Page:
Wednesday, 4 November 2009

The seven different types of play

Who knew there were so many ‘types’ of play!? 

In my research at Eureka! I came across this really interesting article from The National Institute for Play (NIFP) in the USA. They’ve identified seven different types of play that we all engage in at different stages of our lives.

Attunement Play
This means a feeling of being "at one" with another being, and this picture taken in our Me and My Body gallery demonstrates it pretty well as a mother and daughter work comfortably together on one of our exhibits.

Body Play & Movement
Keeping active is very important to us here at the museum and there are always plenty of items to keep you moving as shown by this young girl who looks to be really enjoying herself as she plays in the Eureka! grounds.

Object Play
Object play is perhaps the most obvious and familiar form of play because it involves toys. Here at Eureka! there are plenty of opportunities for object play, including treasure baskets, a collection of natural and household objects presented in a round basket for babies to explore. The aim of the baskets is to provide a rich sensory experience for children, letting babies explore objects by themselves, using their five senses and giving an ideal outlet for their natural curiosity.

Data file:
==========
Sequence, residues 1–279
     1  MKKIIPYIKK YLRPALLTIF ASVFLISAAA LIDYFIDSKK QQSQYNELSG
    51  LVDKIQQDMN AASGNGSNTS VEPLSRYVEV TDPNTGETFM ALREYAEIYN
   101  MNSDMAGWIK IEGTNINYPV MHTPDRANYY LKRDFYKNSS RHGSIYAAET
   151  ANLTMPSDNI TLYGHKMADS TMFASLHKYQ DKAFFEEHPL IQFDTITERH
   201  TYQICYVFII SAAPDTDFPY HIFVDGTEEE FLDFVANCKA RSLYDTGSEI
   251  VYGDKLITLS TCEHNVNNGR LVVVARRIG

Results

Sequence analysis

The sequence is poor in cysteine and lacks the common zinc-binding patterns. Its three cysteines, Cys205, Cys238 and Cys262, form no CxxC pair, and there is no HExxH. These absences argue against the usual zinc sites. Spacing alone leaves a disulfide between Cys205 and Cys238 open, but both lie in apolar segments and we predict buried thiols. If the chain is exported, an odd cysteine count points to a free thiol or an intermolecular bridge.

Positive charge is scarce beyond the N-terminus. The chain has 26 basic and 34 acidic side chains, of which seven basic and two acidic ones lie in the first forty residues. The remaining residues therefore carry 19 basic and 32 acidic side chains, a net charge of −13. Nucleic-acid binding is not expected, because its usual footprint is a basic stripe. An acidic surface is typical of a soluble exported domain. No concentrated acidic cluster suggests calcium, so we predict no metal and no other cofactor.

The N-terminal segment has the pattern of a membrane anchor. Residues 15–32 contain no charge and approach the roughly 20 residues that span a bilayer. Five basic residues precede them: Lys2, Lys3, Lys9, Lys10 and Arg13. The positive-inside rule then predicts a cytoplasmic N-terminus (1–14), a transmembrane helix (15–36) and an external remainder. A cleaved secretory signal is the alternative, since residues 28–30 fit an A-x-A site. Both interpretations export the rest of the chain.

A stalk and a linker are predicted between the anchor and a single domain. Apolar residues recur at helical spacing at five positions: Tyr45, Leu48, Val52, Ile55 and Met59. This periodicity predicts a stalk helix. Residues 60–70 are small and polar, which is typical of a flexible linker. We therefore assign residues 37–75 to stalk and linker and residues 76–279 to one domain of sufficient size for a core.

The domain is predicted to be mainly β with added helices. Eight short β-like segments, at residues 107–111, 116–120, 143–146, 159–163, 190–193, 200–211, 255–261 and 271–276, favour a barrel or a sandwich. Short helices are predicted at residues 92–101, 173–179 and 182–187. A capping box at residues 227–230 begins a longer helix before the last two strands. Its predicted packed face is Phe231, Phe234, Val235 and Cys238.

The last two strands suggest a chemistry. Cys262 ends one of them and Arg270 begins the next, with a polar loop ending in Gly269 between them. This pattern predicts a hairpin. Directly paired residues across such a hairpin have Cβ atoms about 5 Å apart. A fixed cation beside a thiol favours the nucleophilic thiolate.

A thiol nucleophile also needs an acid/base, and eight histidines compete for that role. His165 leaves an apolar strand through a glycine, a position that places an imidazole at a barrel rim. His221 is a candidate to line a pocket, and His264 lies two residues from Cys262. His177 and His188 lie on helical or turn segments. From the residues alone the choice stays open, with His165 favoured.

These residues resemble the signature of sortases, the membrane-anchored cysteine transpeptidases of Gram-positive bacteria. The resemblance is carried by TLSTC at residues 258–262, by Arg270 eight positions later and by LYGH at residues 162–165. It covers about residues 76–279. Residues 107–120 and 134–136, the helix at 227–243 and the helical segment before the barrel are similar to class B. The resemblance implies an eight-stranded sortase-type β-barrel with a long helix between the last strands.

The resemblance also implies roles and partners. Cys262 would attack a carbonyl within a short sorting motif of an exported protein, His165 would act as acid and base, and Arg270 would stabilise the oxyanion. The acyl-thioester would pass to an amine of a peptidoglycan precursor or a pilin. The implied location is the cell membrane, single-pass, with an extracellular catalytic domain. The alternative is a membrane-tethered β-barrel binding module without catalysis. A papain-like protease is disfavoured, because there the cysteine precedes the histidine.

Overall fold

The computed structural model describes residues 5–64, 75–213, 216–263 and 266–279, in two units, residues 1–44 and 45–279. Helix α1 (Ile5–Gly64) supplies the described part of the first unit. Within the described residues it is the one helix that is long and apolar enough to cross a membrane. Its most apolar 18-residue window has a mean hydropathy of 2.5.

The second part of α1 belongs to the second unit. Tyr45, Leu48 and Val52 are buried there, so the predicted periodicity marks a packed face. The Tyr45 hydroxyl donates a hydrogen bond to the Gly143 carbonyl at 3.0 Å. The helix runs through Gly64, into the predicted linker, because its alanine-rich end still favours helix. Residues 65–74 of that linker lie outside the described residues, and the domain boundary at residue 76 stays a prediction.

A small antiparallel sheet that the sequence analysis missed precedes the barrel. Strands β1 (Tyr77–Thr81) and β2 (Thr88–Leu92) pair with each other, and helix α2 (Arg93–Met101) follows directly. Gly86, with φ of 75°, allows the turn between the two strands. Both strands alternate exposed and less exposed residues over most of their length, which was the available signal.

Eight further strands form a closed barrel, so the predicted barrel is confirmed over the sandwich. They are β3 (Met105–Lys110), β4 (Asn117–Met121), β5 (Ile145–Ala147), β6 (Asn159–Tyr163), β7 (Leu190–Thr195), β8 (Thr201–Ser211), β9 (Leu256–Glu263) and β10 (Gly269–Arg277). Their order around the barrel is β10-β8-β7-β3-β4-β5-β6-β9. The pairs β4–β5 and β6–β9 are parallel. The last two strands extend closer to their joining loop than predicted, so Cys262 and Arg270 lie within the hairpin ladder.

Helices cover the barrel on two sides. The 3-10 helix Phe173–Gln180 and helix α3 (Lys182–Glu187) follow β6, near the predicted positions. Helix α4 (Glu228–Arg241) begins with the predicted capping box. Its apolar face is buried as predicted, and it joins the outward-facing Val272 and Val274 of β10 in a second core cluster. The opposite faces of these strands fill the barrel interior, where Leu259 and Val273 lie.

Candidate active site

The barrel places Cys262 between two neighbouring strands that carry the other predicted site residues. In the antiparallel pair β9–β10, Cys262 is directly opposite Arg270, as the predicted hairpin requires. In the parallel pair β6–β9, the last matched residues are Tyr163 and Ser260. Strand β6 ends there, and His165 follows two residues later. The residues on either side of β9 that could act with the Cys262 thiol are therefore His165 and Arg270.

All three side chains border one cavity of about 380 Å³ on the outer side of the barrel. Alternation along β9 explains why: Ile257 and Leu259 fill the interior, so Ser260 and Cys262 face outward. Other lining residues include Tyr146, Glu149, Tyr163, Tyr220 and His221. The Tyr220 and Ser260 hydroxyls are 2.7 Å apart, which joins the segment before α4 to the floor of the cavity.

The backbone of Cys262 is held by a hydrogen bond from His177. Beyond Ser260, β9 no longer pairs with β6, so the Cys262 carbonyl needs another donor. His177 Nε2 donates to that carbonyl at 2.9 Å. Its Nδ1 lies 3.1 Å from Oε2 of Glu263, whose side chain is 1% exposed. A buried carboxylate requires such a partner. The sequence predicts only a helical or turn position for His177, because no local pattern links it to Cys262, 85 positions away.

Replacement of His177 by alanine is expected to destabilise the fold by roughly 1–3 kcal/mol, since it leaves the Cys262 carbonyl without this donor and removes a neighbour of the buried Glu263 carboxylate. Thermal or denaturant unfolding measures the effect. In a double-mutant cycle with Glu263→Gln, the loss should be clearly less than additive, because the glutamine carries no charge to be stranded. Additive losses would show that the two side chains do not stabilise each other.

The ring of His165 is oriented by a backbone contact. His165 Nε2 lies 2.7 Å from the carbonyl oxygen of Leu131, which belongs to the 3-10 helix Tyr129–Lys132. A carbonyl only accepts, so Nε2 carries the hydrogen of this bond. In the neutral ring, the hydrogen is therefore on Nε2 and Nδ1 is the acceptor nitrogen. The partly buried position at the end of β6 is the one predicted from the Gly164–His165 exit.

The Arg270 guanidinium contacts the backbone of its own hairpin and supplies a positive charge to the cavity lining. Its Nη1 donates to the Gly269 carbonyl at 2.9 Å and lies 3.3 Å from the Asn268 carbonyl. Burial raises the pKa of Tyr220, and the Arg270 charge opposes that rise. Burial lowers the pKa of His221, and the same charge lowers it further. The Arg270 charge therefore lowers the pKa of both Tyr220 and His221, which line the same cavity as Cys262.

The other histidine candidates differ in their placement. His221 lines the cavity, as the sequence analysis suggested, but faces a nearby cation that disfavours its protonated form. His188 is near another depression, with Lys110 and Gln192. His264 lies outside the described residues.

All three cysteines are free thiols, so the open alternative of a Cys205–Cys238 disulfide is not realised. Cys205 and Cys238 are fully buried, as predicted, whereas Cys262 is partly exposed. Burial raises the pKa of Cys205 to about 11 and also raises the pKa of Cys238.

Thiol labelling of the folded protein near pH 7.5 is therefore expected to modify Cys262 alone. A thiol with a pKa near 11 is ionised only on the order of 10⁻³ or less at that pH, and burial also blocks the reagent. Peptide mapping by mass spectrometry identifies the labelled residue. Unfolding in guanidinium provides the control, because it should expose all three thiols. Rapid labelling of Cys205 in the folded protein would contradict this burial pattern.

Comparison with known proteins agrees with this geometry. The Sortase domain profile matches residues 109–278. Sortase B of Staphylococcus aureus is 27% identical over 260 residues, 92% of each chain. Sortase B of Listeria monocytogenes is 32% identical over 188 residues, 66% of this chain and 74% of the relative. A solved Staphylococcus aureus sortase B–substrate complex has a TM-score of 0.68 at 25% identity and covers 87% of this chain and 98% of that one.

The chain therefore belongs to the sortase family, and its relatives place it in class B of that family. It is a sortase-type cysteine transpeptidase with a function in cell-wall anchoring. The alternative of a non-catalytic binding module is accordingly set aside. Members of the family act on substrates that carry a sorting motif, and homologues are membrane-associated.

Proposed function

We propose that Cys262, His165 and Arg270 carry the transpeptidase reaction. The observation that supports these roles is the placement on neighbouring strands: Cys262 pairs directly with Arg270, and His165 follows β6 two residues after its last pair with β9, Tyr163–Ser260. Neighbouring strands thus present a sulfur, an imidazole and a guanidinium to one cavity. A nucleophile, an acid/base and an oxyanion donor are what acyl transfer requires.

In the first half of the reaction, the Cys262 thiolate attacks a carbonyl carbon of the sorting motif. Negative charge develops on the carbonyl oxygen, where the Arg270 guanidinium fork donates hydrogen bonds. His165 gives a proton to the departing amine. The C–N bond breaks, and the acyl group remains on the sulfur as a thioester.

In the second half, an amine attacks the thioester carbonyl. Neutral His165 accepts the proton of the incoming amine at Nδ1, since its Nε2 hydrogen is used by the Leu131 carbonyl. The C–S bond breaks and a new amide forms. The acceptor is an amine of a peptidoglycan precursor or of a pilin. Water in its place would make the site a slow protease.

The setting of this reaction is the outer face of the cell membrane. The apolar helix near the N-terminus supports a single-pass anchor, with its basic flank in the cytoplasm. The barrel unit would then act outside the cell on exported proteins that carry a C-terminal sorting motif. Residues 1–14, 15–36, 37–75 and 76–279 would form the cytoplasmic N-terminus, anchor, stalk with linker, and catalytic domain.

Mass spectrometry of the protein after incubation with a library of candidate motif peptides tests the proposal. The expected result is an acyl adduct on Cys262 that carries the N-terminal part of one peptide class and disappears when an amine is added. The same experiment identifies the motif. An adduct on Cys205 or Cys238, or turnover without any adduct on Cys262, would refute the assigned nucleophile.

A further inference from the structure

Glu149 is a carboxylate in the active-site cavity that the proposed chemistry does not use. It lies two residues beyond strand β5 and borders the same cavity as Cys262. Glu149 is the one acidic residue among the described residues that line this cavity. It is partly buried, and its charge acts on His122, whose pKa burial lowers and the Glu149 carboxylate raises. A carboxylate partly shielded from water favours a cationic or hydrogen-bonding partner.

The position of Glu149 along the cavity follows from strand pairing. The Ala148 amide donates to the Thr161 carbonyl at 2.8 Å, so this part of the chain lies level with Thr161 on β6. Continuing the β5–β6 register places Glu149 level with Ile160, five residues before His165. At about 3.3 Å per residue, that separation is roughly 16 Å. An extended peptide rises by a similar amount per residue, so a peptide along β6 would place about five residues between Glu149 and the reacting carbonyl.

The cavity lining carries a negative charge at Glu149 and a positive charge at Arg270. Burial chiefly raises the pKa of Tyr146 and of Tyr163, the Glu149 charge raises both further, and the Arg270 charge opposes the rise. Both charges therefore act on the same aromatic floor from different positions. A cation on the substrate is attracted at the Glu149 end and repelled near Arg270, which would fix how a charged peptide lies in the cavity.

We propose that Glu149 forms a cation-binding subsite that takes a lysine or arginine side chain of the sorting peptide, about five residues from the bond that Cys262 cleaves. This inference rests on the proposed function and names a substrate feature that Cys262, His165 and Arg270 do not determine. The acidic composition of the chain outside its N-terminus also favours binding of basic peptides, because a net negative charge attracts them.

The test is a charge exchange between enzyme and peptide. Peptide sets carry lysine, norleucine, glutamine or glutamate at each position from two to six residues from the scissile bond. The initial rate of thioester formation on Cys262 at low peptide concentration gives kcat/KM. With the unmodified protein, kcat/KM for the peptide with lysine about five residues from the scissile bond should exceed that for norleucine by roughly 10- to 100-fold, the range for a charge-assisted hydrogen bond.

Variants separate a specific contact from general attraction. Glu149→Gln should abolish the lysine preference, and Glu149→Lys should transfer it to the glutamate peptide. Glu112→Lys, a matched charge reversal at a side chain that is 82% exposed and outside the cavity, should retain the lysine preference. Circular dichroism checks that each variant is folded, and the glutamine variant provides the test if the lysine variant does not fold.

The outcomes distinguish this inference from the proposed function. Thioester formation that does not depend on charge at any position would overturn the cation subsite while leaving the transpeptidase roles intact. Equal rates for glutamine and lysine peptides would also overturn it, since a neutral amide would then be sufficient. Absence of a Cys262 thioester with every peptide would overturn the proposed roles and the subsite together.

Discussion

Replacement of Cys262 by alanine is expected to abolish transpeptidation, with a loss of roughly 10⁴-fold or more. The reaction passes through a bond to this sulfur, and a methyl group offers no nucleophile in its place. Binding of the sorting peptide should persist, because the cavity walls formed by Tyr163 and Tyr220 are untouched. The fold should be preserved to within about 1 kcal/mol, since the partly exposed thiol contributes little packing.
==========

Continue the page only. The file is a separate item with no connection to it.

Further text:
Social Play
Social play is the rough and tumble we probably all remember enjoying with our brothers and sisters, friends and family as young children. Social play is also found in the close relationship between friends. As the picture below shows, this kind of play is commonly found at Eureka! and these children are happily creating a sculpture in our giant sandpit.

Imaginative & Pretend Play
In the Living and Working Together gallery at Eureka!, imagination is essential with role play opportunities all over the place. Whether you are drawing money out from the play bank or filling up your car at the petrol pump, a child’s mind can create a world of their own in this pretend town square.

Storytelling-Narrative Play
I really like this photo as the little girl seems to be listening intently to the story that is being read aloud to her even though she is sat in one of the walkways of the museum!

Transformative-Integrative & Creative Play
This picture was taken on National Playday where children were given cardboard boxes and craft materials and left to their own devices. All the children were very creative and many transformed their boxes into houses such as the boy below.

Jenny Goodall is in the Play & Learning Team at Eureka!

1 comment:

Anita said...

Gosh, this is interesting. I always thought playing was just about being silly and switching off. I didn’t realise how much we actually learn during play.